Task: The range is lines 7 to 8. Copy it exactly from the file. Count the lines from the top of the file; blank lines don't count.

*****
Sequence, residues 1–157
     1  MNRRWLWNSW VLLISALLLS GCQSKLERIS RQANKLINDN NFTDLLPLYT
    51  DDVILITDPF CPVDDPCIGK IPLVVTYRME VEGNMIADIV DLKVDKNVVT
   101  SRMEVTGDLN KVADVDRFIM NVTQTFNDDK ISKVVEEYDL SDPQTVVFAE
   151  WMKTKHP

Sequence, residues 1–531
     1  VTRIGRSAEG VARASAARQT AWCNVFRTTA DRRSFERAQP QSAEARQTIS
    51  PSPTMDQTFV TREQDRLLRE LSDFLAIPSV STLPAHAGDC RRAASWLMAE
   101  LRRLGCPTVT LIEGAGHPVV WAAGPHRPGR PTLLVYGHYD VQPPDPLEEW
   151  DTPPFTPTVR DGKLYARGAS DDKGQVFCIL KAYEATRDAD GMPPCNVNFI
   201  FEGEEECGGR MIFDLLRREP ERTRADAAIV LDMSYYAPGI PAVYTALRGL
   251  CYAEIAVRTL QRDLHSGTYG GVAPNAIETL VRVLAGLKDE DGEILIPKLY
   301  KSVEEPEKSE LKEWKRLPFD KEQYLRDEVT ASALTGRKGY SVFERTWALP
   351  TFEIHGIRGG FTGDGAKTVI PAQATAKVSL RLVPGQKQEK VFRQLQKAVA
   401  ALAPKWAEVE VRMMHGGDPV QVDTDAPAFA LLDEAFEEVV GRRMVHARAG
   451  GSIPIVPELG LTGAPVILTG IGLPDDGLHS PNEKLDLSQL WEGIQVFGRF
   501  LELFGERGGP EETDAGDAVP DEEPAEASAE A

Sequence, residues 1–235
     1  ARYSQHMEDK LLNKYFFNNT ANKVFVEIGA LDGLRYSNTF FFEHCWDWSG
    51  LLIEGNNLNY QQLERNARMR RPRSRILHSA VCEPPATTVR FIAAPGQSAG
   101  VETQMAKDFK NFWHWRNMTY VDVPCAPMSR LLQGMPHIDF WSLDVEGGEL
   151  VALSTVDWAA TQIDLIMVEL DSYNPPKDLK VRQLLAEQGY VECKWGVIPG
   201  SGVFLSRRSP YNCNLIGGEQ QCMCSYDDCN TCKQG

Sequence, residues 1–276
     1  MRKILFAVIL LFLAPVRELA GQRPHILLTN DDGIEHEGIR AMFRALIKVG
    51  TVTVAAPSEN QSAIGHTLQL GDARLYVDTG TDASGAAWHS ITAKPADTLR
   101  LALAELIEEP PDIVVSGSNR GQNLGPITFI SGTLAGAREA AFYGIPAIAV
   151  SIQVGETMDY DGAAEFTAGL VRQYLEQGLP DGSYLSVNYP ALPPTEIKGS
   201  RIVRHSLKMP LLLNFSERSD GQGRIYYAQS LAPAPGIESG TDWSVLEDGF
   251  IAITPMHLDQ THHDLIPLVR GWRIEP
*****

     1  VTRIGRSAEG VARASAARQT AWCNVFRTTA DRRSFERAQP QSAEARQTIS
    51  PSPTMDQTFV TREQDRLLRE LSDFLAIPSV STLPAHAGDC RRAASWLMAE